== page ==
Teat-fire cartridge

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.32 Teat-fire cartridge
Moore's Single Action Belt Revolver
Moore's seven-shot, .32-Caliber, Single Action Belt Revolver. This copy belonged to Union general Abram Duryée
TypeTeat-fire, Pistol
Place of origin United States
Service history
WarsAmerican Civil War
Production history
DesignerDaniel Moore
David Williamson
ManufacturerNational Arms Company
Produced1864 to 1870
Specifications
Bullet diameter.32 in (8.1 mm)
 
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.32 Teat-fire cartridge
Moore's Single Action Belt Revolver
Moore's seven-shot, .32-Caliber, Single Action Belt Revolver. This copy belonged to Union general Abram Duryée
TypeTeat-fire, Pistol
Place of origin United States
Service history
WarsAmerican Civil War
Production history
DesignerDaniel Moore
David Williamson
ManufacturerNational Arms Company
Produced1864 to 1870
Specifications
Bullet diameter.32 in (8.1 mm)

The Teat-fire cartridge was a .32 caliber pistol cartridge designed by Daniel Moore and manufactured by Moore and his partner David Williamson for their Pocket Revolver, was produced under both the Moore and National Arms marques by the National Arms Company of Brooklyn, New York in the mid-19th century.

The Moore Caliber .32 Teat-fire, which used a unique cartridge to get around the Rollin White patent owned by Horace Smith and Daniel Wesson, proved very popular during the Civil War, with both soldiers and civilians. The "Teat-fire" cartridges did not have a rim at the back like conventional cartridges, but were rounded at the rear, with a small "teat" that would protrude through a tiny opening in the rear of the cylinder. The priming mixture was contained in the "teat" and when the hammer struck it, the cartridge would fire. Thus, it was akin to a rimfire cartridge, but instead of having priming all the way around the edge of the rim, it is centrally located in the teat.[1]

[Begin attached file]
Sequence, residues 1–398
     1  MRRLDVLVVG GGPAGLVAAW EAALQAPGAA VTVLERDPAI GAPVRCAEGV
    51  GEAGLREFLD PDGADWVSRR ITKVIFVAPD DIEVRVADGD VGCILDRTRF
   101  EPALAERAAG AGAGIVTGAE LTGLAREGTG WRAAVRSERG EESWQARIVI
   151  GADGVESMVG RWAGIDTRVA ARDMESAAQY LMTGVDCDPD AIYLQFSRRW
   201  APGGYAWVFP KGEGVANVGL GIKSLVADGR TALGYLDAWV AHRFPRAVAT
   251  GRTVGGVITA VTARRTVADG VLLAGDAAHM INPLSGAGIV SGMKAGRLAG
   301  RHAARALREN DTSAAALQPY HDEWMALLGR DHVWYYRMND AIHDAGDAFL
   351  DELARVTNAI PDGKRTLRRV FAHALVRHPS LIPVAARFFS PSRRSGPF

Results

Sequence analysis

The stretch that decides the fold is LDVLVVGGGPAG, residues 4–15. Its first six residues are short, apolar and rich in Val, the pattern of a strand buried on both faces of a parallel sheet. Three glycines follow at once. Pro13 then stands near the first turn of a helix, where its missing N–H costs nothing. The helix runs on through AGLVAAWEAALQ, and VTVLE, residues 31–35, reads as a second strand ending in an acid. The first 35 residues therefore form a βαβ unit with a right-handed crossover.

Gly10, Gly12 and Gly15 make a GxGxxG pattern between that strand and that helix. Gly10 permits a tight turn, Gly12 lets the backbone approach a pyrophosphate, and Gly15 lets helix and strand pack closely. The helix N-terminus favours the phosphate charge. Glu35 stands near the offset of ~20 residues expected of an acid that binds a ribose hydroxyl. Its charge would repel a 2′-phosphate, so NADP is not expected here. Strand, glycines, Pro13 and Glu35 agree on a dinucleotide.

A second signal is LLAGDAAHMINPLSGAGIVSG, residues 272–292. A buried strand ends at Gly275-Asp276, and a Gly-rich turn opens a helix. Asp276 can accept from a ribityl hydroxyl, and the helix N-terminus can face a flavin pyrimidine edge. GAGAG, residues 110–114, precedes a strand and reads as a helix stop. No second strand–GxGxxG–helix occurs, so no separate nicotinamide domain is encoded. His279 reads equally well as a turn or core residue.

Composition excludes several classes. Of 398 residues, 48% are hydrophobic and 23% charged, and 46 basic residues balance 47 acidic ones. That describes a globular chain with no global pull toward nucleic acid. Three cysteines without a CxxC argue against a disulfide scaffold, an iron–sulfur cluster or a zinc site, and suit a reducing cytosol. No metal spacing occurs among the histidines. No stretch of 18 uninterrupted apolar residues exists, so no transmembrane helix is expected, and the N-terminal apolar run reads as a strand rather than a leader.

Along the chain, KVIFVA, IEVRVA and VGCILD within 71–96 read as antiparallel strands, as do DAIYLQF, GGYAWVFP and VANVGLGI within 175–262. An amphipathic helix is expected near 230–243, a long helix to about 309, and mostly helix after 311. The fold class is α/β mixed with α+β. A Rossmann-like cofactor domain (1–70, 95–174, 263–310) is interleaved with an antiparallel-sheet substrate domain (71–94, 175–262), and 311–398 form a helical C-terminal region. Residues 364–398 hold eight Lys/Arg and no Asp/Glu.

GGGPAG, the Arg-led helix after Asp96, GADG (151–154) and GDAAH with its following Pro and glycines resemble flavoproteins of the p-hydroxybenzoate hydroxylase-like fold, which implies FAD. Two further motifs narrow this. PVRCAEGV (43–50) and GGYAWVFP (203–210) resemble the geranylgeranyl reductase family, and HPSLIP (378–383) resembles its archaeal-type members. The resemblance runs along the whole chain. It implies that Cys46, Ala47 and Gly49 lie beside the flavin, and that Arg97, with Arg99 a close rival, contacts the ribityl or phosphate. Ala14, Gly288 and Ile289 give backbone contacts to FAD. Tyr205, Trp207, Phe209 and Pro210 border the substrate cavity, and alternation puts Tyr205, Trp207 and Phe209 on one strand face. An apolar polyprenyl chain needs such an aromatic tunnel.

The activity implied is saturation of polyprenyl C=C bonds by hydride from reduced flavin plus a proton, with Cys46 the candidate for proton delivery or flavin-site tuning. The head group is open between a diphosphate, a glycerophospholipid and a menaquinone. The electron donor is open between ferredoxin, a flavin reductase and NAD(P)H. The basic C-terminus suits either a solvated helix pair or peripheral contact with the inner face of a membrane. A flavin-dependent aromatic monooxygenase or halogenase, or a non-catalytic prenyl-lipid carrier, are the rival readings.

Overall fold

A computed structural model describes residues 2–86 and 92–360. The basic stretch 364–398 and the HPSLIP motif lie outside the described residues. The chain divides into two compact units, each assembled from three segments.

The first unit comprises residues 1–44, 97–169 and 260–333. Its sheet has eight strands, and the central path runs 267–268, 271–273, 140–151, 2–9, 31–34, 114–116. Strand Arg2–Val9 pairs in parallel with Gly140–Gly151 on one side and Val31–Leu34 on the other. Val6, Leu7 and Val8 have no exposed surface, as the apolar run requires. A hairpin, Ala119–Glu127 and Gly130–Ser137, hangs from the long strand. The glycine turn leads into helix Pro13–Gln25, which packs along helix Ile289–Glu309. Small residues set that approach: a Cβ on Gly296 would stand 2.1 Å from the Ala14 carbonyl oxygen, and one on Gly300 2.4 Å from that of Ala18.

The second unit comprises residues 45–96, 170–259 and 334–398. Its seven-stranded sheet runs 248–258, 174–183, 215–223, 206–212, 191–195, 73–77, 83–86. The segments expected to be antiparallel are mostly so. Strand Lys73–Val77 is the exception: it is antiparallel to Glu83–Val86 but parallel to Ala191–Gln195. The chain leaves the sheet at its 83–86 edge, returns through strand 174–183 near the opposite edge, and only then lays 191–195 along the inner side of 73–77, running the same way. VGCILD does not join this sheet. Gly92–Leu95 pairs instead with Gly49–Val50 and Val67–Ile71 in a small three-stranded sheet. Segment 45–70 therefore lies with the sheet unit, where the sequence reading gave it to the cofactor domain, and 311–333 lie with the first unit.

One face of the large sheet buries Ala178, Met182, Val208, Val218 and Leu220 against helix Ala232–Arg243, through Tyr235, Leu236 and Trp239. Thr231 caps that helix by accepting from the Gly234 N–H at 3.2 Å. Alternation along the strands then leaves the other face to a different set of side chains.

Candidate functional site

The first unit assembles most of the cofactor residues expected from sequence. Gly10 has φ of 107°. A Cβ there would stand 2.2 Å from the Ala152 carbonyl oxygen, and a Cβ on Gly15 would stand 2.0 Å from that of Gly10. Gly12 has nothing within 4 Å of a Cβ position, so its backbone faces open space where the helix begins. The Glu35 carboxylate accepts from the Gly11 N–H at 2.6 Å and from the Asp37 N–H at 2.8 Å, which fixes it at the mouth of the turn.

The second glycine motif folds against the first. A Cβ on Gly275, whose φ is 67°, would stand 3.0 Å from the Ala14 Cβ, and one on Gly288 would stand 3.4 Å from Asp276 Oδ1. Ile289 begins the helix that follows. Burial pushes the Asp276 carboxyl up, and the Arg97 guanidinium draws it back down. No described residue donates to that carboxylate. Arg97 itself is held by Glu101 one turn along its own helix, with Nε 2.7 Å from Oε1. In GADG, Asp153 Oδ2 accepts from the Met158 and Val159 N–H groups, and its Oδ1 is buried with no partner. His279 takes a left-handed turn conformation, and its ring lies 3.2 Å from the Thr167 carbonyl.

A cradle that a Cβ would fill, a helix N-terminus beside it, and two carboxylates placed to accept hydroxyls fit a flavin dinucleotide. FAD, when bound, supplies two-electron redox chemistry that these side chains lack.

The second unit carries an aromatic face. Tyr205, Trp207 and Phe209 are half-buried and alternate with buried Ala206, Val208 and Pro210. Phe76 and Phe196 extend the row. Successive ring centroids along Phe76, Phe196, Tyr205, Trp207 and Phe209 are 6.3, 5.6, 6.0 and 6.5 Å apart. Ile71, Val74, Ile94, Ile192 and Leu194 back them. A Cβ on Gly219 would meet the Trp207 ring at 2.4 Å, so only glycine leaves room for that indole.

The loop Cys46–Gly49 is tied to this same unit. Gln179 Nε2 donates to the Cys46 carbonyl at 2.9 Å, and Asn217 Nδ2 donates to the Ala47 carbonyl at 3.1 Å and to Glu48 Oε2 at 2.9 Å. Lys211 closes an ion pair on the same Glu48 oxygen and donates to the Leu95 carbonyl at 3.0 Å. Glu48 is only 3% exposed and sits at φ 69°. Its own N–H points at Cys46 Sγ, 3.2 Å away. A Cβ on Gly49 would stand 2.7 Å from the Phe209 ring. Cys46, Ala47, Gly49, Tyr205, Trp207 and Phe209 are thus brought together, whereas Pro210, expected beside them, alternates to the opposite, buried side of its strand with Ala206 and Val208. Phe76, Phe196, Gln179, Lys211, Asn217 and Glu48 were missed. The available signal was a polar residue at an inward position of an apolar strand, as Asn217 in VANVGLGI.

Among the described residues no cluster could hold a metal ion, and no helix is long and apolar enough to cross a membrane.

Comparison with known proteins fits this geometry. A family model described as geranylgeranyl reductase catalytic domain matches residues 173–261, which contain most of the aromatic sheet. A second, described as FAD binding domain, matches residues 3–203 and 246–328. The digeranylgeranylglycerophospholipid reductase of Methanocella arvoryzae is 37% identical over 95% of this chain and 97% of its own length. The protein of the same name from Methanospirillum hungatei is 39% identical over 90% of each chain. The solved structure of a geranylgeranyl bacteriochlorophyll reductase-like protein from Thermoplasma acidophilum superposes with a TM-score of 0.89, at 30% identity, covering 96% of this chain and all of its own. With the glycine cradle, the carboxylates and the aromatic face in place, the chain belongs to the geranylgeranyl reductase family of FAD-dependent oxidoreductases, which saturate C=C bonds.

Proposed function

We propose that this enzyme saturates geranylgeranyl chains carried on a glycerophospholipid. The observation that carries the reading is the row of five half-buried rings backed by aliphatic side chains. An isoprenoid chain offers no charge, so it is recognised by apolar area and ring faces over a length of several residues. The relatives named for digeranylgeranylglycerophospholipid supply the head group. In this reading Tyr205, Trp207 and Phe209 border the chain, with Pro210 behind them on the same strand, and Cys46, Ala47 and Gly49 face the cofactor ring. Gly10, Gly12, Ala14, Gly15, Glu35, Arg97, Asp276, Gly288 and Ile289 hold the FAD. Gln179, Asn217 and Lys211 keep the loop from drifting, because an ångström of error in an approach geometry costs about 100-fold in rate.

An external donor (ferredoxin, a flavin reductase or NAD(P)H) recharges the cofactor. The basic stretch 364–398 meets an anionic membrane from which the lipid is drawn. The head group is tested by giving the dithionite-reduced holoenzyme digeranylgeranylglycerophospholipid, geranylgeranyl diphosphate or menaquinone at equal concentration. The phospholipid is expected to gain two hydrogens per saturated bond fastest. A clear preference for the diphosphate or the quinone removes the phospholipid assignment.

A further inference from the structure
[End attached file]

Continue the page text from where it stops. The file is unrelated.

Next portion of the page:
Moore's Caliber .32 Teat-fire Pocket Revolver proved very popular during the American Civil War, with both soldiers and civilians. National Arms produced about 30,000 of the revolvers from 1864 to 1870, when it was acquired by Colt's Manufacturing Company.[2]

References[edit]

  1. ^ Walter, John (2006). The Guns That Won the West: Firearms on the American Frontier, 1848-1898. MBI Publishing Company. p. 108. ISBN 978-1-85367-692-5. 
  2. ^ Sapp, Rick (2007). Standard Catalog of Colt Firearms. F+W Media, Inc. pp. 59–60. ISBN 978-0-89689-534-8. 

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